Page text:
How Do You See Your Students?

I think that a good starting point for imagining how to plan for English Language Learner integration in a classroom is to consider how the educator sees their students. The philosophies that an educator brings to their teaching will inevitably underpin any planning or implementation of inclusive strategies. One must question then, how do you see your students? In the complex case of ELL students, how do you see them and what roles do you expect them to play in the class?

A cognizant educator should be extremely careful in what language they use to describe their students in terms of their language abilities, and how they challenge them is extremely important. In setting up activities which are ‘low floor, high ceiling’, an educator affords their class the opportunity to engage equitably. I think that educators often get sidetracked by so-called language limitations of ELL students and forget to challenge them. I am sure that most people have experienced this at some level. The tourist who asks for directions in halting English is sometimes treated as though their English abilities are an indication of their overall competence. How would students with lower levels of English feel if they were treated this way every day?

Part of an effective educator’s arsenal must include growth mindset, and their language must reflect this. I believe that the power of ‘not yet’ shouldn’t be underestimated. In the subtlest of ways, a teacher can give ELL students powerful messages of encouragement in a covert way simply by selecting positive language. This is a key theme in Mariana Souto-Manning’s “Honoring and Building on the Rich Literacy Practices of Young Bilingual and Multilingual Learners”. Souto-Manning argues that ELLs have traditionally been thought of in terms of their deficiencies, and not for the cultural and linguistic expertise they bring to a classroom. She stresses the importance of referring to these students as being “emergent bilinguals or multilinguals” instead of low-level English speakers (Souto-Manning, 263).

Another important point in the article is that teachers should try to teach in culturally relevant ways, and use students as cultural resources. I absolutely agree with the idea of making learning culturally relevant; I hope that what is taught in classrooms is as relevant to each group of students as possible. However, I am struggling with the idea of incorporating funds of knowledge into a class from students who may be lacking in confidence. If a student is still learning basic English, it might be a challenge to ask for their expertise on their mother tongue without making them feel singled out and put on the spot. I would like to learn more about how one might go about doing this.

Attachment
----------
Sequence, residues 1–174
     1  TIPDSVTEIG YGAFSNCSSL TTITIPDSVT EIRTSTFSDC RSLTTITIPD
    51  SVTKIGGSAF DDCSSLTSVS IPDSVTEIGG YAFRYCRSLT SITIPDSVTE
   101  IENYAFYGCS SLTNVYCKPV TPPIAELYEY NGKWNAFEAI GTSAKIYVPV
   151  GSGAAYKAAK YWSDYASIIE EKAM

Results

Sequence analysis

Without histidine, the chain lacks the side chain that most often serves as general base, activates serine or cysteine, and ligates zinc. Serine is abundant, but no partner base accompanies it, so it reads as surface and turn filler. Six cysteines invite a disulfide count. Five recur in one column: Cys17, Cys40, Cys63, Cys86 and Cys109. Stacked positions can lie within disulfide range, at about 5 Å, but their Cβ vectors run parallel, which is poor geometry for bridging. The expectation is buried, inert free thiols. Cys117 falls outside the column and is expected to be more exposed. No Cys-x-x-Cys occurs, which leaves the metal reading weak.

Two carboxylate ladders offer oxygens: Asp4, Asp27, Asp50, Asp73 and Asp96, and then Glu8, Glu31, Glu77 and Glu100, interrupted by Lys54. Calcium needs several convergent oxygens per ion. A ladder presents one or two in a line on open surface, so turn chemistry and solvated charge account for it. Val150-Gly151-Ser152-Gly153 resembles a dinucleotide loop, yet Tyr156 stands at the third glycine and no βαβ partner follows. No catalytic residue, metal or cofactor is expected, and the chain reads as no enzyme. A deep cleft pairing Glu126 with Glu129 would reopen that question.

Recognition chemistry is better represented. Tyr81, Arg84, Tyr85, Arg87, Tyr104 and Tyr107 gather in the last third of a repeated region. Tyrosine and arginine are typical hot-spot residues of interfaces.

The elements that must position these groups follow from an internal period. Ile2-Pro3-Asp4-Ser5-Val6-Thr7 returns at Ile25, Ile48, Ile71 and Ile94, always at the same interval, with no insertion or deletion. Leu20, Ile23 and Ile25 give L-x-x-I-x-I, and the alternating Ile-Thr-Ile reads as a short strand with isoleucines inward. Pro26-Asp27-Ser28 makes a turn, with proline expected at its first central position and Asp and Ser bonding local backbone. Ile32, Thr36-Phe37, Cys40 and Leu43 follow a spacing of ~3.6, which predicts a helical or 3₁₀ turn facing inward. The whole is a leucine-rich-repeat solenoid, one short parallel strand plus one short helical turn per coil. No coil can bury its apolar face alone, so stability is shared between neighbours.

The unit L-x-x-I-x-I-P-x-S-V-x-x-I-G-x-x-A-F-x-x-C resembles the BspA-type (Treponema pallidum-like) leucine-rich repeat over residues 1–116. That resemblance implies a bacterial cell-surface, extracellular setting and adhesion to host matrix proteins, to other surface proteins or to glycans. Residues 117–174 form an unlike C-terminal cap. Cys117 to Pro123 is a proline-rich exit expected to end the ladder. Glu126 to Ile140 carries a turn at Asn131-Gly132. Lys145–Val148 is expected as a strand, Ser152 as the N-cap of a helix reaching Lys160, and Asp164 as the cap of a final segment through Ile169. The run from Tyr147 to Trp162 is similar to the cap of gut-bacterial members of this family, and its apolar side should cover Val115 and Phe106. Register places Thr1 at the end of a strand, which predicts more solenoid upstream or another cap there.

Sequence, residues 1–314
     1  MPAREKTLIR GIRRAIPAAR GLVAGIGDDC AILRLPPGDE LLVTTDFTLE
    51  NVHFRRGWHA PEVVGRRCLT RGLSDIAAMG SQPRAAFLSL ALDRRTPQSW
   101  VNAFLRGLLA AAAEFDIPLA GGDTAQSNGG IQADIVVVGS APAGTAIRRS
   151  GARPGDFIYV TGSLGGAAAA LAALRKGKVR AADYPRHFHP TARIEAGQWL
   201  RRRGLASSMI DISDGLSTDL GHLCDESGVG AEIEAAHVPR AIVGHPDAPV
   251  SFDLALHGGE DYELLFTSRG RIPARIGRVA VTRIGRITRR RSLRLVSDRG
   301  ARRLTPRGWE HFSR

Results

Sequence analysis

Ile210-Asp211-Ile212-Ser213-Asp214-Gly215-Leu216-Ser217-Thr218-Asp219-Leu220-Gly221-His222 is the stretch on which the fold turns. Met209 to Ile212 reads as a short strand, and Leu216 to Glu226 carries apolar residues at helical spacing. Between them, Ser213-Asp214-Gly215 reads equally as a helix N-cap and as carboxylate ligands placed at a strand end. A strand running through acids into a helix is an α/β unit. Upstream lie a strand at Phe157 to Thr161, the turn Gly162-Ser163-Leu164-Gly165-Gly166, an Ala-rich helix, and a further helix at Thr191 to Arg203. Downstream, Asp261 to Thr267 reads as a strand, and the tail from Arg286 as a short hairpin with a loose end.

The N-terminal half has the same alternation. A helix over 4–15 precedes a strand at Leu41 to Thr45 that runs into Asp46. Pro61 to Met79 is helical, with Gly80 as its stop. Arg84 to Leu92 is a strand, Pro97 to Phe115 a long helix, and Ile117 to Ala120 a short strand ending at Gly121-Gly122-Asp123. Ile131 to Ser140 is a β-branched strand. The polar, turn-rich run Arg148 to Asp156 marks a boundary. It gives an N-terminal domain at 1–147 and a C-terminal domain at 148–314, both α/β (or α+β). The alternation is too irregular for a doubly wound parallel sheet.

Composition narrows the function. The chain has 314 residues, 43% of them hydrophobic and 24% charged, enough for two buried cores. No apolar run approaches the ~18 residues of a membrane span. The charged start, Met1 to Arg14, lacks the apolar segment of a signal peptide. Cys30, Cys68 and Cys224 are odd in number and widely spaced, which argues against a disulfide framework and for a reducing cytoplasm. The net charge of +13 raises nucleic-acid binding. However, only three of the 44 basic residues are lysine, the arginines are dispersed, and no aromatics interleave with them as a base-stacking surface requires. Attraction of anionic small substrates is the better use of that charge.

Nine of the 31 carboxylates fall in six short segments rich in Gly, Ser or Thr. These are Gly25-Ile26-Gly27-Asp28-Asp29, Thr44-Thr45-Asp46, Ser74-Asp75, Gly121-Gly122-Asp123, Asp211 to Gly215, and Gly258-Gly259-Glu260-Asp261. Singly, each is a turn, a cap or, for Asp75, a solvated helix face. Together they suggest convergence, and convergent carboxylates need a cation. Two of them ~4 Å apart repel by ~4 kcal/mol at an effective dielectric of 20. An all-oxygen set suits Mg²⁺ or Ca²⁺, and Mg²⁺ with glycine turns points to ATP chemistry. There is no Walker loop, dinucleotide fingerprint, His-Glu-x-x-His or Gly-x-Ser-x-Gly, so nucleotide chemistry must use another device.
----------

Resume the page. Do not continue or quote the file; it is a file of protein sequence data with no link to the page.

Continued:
1. I really appreciate this perspective. The power of the language we choose to use is significant and I have never really considered using the (inadvertent) effects of using language like ‘low-level’. One part of the PYP that might be worth you looking into is how PYP schools are supposed to support mother-tongue for the students. We have often tried to allow new ELL students to use their mother-tongue language during the process of exhibition for example.

    1. Thanks for the comment David, I will follow up on this idea. A comparison between student use of mother tongue versus second language in the context of exhibition would be very interesting.

  2. I think you are really touching on some great things here Matt, and I found a lot of connections to what I am undertaking in my inquiry regarding labeling of students. I agree that as educators we need to be so careful about the language we use around our students, as well as about our students. Whether we are talking about language abilities, or the abilities our students have in other disciplines, we need to work with our students to enhance those abilities and allow them to shine! You’re post has inspired me to take a look at this resource, and I look forward to following your inquiry further.

    1. I absolutely thought of connections to your inquiry topic while reading this article Kaitlyn. The article spends a lot of time discussing historical and political aspects of how ELLs are situated in schools (in the US), but the negative effects of labelling is certainly a key concept. Prior to reading this article, I had never considered referring to language deficiency as being detrimental in this sense. It’s another thing for teachers to consider. Thanks for reading!

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